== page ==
In Serem, Indonesia in November 2016, I witnessed a community coming together to build a water filter. My outreach team taught the people of Serem the building process, but the best part was seeing them take it on as their own project.
I asked the people we were working with in the larger city of Ambon if the water filters could meet needs of the people of Serem. They said that stomach bugs and diarrhoea were common problems on the island. We didn’t have test kits to see for sure if the bacteria was coming from the water. Either way, we were excited to bring practical help to the island.
I have taught these water filters before many times, but this time in Serem was my favourite.
We saw a huge group of people come, and a great variety. In other places I had taught before, a lot of women came. Here in Serem, men, women, and children all came to learn. This was great knowing that the entire community was coming together. Even better, they all ended up working together to build their first filter. This group of about 50 people stayed long past dark to see their project complete. Everyone had a role.
Watching this community work together showed me something great about the people of Indonesia.
When we go on outreach, we don’t want to bring along the culture we grew up in. We want to bring God’s principles and watch them displayed in each unique culture. That’s why we also really care to teach the people and not just hand something to them. We want to show them that they are valuable and capable. When we leave, we can be excited at what was left behind. The people now have all the knowledge and experience to continue to bring clean water to their own homes and villages.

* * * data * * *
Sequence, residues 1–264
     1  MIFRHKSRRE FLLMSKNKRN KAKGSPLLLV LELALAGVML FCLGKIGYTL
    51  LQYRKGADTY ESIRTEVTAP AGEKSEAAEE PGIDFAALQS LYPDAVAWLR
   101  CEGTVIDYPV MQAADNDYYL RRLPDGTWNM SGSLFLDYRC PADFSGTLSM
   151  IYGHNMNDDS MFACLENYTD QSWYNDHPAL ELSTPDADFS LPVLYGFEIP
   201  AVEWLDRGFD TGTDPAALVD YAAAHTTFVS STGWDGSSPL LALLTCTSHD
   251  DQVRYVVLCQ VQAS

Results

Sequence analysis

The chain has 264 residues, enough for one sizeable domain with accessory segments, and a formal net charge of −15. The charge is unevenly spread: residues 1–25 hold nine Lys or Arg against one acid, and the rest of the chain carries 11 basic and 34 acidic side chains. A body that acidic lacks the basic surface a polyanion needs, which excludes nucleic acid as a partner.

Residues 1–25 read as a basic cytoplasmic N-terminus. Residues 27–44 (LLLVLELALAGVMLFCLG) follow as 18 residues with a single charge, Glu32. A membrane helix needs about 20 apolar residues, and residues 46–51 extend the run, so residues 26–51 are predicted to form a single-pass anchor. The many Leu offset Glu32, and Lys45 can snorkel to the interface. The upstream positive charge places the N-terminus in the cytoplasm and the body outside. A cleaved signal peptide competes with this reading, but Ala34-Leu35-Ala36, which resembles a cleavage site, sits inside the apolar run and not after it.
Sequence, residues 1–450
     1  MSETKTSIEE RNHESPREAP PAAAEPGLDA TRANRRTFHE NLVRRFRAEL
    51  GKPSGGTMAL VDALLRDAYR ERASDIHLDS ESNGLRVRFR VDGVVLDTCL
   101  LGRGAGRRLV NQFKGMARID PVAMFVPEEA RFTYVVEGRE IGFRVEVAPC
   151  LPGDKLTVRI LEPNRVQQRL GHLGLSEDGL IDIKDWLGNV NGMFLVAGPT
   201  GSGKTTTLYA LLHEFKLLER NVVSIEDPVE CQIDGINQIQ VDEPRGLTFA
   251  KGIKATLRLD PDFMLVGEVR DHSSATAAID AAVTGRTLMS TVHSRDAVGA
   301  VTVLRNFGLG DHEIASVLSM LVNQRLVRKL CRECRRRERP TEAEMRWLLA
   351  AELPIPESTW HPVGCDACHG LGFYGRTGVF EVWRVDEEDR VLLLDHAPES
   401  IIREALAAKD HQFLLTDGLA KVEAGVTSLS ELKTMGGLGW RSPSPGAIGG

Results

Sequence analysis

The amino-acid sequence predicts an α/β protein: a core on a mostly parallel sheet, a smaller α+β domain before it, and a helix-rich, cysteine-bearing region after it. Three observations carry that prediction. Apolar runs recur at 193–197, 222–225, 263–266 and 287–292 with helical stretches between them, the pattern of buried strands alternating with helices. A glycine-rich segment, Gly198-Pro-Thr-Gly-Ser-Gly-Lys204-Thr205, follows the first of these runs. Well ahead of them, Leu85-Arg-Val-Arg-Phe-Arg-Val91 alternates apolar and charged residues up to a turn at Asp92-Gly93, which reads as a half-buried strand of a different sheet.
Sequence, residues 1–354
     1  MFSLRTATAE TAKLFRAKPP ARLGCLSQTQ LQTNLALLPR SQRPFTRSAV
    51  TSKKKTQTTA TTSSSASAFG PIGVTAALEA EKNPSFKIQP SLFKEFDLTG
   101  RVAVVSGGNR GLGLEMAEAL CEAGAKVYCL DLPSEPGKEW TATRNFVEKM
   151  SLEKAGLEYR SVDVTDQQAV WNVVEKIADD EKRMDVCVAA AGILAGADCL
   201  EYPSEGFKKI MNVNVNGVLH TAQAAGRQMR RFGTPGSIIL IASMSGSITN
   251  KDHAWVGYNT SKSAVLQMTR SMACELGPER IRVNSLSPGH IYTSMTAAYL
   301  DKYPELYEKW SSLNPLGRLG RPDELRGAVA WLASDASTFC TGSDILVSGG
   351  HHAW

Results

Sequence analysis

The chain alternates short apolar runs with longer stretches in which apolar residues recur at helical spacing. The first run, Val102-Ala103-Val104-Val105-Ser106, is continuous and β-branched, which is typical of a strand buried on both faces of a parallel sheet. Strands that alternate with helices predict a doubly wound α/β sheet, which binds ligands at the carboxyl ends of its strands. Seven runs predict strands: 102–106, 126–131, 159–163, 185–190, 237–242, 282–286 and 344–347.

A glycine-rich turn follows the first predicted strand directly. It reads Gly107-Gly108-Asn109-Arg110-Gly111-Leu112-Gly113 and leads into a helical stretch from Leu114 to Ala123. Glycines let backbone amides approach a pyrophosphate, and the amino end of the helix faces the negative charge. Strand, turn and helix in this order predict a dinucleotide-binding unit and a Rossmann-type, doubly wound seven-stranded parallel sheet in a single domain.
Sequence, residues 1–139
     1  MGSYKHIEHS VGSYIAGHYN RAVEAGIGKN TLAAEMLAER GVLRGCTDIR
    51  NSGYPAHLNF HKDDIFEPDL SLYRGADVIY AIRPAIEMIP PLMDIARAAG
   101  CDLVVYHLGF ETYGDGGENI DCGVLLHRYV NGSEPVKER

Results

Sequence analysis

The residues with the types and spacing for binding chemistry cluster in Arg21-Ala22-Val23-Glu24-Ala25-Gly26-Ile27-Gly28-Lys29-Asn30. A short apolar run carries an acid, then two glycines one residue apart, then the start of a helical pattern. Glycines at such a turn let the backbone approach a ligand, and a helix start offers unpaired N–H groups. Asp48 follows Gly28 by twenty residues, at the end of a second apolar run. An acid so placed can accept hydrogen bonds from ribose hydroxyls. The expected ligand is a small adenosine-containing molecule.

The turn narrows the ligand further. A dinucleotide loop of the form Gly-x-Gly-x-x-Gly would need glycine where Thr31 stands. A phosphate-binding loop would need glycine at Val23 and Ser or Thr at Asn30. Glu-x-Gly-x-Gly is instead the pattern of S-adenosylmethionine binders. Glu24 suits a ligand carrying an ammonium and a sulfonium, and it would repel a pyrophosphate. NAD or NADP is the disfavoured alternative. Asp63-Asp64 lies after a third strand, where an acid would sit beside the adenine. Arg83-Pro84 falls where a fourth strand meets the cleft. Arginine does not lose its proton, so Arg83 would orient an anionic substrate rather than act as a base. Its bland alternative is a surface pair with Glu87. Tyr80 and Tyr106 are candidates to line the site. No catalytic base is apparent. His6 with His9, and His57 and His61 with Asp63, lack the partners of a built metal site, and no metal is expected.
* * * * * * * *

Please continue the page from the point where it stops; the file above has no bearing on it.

In late 2015, my team taught these filters in eight different locations around Kolkata, India. In March of the following year, they had already built 40 new filters. That was only three months after we left! That experience gave me a lot of hope for what can happen with these filters the more we teach people how to build them.
When we teach people to build water filters, they often ask us why we are doing this.
I love sharing with them that God cares for them. He wants them to be healthy. He wants them to be able to give clean water to their families. Our practical service also shows God’s character. It’s an easy thing for us to do, but it has the chance to change a nation through improved health.
My favourite part of doing this, though, is seeing groups of people come together. It’s never the same group of people every time, and I can’t teach them the same way every time. Each culture is so different and great. By giving them the ability to build their own filters, the beauty of the differences comes to life.
There are so many things that point to God in every culture. I’m glad that this simple act of teaching a community to build a water filter can bring out those godly attributes of each individual culture.